Monday, November 3, 2014

Trading rules changes: 12-month moving average and Discretion

I've made some changes to my longer-term rules and shorter-term trading rules.

I'm changing the hedge entry and exit signals for my longer-term trades, which are intended to last at a minimum one year. Previously, the hedging signal was a move below the 55-day price channel. I'm changing that to a close at the end of the month below the 12-month simple moving average.

The reverse is true for exiting a hedge. A monthly close above the 12-month simple moving average gives the exit signal.

This change will allow me to avoid the greater part of the losses from a downtrend while minimizing the need to hedge and, therefore, the fees associated with hedging.

In an essay last year I posted an essay on using the 12-month moving average as a signaling method. See the "I hate stocks trading plan", posted Oct. 10, 2013.

In the shorter-term trades rule set, for trades that typically last a month or several, I'm adding an element of discretion to the entry and exit signals, and also returning the price-channel exit signal for holdings to transversal of the 10-day price channel boundary opposite the direction of the trade. The latter change eliminates the floating stop/loss point that I have been using since March.

I'm making the change because since September, I've run into a number of price-channel exit signals that differ from my Elliott wave analysis. They've been triggered by a relatively low-level breakout within a larger contrary pattern. By using discretion to use resistance levels, identified through Elliott wave analysis, in selecting the signal, I can cut down on the number of false signals.

Trading those signals flies in the face of common sense. Rather than evading the rules, I prefer to modify them in order to match ground truth.

There is, however, danger in discretion. It's fine to counsel a trader to use common sense, but discretion opens the door to wishful thinking, and such thinking is a plague set upon profit.

So "discretion" must be taken also in the sense of its close relative "discrete". It cannot be a reason to hang on foolishly when the market reverses, clinging to false hope of a turn-around.

But there is a precedent. I have been using discretion, under my rules, in the late stages of analysis when selecting trades. A symbol that gives a signal while clearly below resistance doesn't make it to the full analysis stage. My using of the Elliott wave analysis when doing a complete work-up involves applying discretion in framing the chart, and in making the final trading decision.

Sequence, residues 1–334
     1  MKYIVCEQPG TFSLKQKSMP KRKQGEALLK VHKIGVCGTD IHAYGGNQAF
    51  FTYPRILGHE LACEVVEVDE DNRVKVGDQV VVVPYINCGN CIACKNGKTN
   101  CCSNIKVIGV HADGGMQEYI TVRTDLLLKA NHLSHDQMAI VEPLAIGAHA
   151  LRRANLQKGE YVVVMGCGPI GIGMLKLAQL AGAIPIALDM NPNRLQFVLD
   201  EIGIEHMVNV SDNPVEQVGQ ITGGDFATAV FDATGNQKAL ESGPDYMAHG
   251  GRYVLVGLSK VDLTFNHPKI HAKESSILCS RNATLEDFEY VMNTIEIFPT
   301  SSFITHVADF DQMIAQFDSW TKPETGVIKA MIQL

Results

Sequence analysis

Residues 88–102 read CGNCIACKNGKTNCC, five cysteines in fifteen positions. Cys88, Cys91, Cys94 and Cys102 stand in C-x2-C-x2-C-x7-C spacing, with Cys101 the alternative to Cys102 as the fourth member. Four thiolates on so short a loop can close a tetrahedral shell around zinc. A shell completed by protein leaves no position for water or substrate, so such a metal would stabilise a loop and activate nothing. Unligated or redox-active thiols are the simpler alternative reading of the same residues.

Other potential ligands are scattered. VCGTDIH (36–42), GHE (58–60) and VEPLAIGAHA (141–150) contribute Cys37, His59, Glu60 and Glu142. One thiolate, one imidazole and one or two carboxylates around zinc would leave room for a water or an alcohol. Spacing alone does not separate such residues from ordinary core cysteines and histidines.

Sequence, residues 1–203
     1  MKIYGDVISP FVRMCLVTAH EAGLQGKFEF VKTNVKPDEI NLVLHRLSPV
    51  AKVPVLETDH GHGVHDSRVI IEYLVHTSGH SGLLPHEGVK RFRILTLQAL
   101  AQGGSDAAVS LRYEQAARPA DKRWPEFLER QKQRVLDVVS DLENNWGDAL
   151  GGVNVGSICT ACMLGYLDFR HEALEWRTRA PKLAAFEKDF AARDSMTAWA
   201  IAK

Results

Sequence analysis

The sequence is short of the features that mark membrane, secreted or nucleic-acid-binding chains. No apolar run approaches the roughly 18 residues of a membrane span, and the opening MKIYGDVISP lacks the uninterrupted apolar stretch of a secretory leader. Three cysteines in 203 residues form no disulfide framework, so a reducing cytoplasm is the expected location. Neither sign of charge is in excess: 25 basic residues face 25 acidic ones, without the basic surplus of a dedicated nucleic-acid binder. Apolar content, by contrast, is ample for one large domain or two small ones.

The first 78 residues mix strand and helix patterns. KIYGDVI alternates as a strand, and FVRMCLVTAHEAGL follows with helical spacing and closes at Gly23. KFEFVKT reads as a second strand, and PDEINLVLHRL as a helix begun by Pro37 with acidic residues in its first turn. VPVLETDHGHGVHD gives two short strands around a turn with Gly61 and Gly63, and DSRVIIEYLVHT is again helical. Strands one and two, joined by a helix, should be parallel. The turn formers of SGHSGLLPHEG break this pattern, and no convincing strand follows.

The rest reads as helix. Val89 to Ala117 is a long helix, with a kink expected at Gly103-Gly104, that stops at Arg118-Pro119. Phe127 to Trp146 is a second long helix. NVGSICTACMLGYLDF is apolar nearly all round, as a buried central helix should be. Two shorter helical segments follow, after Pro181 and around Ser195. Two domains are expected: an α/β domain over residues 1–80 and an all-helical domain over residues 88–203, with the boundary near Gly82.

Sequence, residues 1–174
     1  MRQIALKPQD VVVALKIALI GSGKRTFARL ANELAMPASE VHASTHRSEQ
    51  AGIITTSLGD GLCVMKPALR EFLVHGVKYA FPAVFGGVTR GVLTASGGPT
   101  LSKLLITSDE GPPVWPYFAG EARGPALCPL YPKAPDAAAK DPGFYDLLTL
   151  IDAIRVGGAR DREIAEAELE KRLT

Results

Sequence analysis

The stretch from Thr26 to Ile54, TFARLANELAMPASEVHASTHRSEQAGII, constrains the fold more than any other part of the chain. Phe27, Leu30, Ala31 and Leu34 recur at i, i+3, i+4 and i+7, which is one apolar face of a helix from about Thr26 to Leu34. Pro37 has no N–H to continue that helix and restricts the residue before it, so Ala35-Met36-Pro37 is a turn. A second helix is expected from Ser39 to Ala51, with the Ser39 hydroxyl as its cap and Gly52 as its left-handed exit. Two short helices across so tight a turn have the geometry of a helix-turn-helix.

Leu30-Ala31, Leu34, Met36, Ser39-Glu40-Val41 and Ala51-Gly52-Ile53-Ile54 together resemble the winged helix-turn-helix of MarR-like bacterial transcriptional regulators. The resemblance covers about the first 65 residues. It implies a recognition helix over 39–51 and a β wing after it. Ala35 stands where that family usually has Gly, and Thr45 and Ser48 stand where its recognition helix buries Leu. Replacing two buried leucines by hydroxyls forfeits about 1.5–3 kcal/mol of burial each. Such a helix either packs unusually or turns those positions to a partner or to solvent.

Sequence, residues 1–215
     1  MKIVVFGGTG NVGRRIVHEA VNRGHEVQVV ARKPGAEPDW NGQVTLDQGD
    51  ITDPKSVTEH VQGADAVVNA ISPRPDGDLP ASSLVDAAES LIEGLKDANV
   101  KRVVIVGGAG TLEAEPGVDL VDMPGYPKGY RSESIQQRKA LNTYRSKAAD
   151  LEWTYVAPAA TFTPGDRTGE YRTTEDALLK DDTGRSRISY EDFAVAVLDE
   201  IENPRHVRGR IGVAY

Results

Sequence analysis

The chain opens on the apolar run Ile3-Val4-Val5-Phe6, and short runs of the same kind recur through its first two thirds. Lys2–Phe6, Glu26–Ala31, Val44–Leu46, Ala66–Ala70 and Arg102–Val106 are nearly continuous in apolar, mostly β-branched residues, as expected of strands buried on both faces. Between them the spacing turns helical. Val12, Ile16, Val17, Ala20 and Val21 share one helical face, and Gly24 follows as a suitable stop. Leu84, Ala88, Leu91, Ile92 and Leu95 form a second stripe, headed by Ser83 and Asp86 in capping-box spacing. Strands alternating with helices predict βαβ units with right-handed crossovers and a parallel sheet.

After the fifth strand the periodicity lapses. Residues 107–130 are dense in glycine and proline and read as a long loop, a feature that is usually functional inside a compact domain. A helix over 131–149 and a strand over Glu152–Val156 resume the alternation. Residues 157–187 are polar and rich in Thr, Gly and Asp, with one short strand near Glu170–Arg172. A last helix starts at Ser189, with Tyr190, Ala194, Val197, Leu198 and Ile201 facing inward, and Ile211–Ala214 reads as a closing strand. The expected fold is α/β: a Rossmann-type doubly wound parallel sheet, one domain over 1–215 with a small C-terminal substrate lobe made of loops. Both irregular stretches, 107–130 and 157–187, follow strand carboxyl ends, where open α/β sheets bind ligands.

So we know how to do this, we regular followers of Private Trader. We've been doing it upon entry for quite some time. This change simply takes that same discretion and applies to to exits, rolls and the Watchlist.

For specific changes, see the new entry "Discretion" in the Definitions section, as well as changes to the Entry, Exits, Rolls and Watchlist sections.

-- Tim Bovee, Portland, Oregon, Nov. 3, 2014


My shorter-term trading rules can be read here. My longer-term trading rules can be read here. And the classic Turtle Trading rules on which my rules are based can be read here.

Elliott wave analysis tracks patterns in price movements. The principal practitioner of Elliott wave analysis is Robert Prechter at Elliott Wave International. His book, Elliott Wave Principle, is a must-read for people interested in this form of analysis, as is his most recent publication, Visual Guide to Elliott Wave Trading

Several web sites summarize Elliott wave theory, among them, Investopedia, StockCharts and Wikipedia.

Tim Bovee, Private Trader tracks the analysis and trades of a private trader for his own accounts. Nothing in this blog constitutes a recommendation to buy or sell stocks, options or any other financial instrument. The only purpose of this blog is to provide education and entertainment.
No trader is ever 100 percent successful in his or her trades. Trading in the stock and option markets is risky and uncertain. Each trader must make trading decisions for his or her own account, and take responsibility for the consequences.

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